Figure 1 shows the age-sex distribution of all the patients with diabetes admitted during the study period. Nearly two thirds of the patients who were admitted were females. Only 74 (15.4%) of them were less than 45 years. There was equal distribution in the age group less than 45 years and a higher proportion of females in the age group of 45-60 and more than 60 years. The mean age (SD) was 57.75 (12.2) years, the median was 58 years and the range was 24 to 91 years.

Figure 1:
Age- gender distribution

Figure 2 shows the frequency of admissions. There were a total of 400 patients with diabetes who were admitted during this period. The majority (84.8%) had only one admission but 48 (12.0%) were admitted twice and 13 (3.2%) were admitted more than twice during this period. Three of them were admitted four times and one patient was admitted a maximum of five times during this period.

Figure 2:
Frequency of Admissions

As many patients had one or more reasons for admission, the number of reasons does not co-relate to the number of patient admissions. The metabolic and endocrine causes mentioned in Table 1 include hypoglycaemia 26 (4.0%) and hyperglycaemia or ketosis 62 (9.5%). The other reasons included fractures, palliative care for cancers, vertigo, dizziness, deep vein thrombosis, herpes zoster and depression. Almost half of the reason for hospitalisation was for infections.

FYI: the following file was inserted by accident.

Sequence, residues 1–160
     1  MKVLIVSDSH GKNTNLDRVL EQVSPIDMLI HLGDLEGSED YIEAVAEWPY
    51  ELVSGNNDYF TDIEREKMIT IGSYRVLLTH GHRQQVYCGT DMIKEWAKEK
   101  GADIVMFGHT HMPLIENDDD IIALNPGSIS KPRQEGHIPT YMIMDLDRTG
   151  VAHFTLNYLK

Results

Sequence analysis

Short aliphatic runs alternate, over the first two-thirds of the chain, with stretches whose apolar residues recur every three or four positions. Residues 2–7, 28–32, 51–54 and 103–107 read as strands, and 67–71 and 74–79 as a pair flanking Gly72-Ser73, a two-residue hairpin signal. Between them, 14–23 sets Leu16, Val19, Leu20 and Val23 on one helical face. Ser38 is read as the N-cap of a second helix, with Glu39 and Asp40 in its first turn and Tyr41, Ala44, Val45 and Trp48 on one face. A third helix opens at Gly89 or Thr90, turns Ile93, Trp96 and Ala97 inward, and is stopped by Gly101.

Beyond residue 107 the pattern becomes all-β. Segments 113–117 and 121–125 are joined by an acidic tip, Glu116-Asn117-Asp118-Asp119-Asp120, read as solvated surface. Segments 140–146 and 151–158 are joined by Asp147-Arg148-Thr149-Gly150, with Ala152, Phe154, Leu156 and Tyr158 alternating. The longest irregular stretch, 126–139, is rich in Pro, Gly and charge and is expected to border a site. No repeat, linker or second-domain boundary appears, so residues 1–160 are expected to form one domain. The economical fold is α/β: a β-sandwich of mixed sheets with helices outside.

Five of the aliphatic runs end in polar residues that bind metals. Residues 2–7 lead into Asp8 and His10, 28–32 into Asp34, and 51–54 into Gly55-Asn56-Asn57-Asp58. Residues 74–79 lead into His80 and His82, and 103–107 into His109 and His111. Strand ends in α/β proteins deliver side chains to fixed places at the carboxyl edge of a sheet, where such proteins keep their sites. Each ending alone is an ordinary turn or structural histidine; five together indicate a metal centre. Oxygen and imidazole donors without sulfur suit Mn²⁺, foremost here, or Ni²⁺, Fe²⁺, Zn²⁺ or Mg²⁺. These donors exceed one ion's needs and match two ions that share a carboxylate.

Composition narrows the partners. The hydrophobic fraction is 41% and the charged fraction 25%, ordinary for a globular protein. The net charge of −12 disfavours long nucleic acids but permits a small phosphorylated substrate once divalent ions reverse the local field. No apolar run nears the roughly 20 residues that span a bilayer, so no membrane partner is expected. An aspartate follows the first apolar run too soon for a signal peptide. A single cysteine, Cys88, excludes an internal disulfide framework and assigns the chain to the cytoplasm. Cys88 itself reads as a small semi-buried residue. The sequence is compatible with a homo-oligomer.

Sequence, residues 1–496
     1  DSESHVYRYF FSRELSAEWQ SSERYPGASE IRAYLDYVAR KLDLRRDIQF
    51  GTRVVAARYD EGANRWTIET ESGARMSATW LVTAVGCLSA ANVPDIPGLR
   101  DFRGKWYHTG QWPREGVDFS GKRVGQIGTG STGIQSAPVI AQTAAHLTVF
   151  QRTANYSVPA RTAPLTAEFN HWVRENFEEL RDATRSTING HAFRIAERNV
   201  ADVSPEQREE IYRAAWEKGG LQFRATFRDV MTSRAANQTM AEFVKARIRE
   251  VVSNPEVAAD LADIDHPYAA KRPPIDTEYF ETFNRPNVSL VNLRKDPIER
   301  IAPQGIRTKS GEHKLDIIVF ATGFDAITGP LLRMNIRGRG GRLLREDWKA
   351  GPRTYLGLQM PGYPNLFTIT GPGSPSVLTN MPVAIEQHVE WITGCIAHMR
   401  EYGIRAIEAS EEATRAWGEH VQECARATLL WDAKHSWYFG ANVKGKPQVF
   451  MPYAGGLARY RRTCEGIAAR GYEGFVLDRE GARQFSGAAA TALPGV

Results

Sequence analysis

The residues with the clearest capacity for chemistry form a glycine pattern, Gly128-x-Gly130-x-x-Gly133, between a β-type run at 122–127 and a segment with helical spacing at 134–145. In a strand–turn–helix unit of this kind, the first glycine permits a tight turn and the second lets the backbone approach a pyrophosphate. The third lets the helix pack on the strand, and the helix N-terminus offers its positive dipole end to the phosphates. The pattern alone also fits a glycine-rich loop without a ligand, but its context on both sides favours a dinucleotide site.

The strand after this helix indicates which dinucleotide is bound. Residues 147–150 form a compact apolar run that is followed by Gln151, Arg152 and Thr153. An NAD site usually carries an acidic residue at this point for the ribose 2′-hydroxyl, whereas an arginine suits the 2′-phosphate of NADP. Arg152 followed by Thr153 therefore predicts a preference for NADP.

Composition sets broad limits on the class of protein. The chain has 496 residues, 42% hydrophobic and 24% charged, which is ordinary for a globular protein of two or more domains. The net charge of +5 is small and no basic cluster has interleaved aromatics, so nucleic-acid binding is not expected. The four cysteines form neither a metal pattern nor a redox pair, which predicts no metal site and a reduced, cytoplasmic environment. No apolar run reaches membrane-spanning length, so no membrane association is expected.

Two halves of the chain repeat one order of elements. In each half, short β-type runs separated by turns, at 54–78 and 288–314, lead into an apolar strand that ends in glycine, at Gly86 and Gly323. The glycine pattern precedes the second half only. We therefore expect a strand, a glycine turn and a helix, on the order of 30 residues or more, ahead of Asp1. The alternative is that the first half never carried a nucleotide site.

Table 1:
Reasons for hospital admissions

The most common infectious cause was skin and soft tissue infections which included necrotising fasciitis, cellulitis, abscess, ulcers and digit amputations followed by urinary tract infection as shown in Figure 3.

Figure 3:
Type of Infections causing Admissions

Figure 4 shows the distribution of co-morbidities among patients admitted for diabetes-related care. About 1/5th of the patients did not have any co-morbidity. About 2/3rd of them had either one or two co-morbid conditions. The commonest co-morbidity was hypertension (44.6%), others included dyslipidemia (14.7%), heart disease (8.6%), Chronic obstructive pulmonary disease (COPD - 6.3%) and others like obesity, hypothyroidism, mental illness, cancers and osteoporosis.

Figure 4:
No of Co-morbidities in Patients Admitted with Diabetes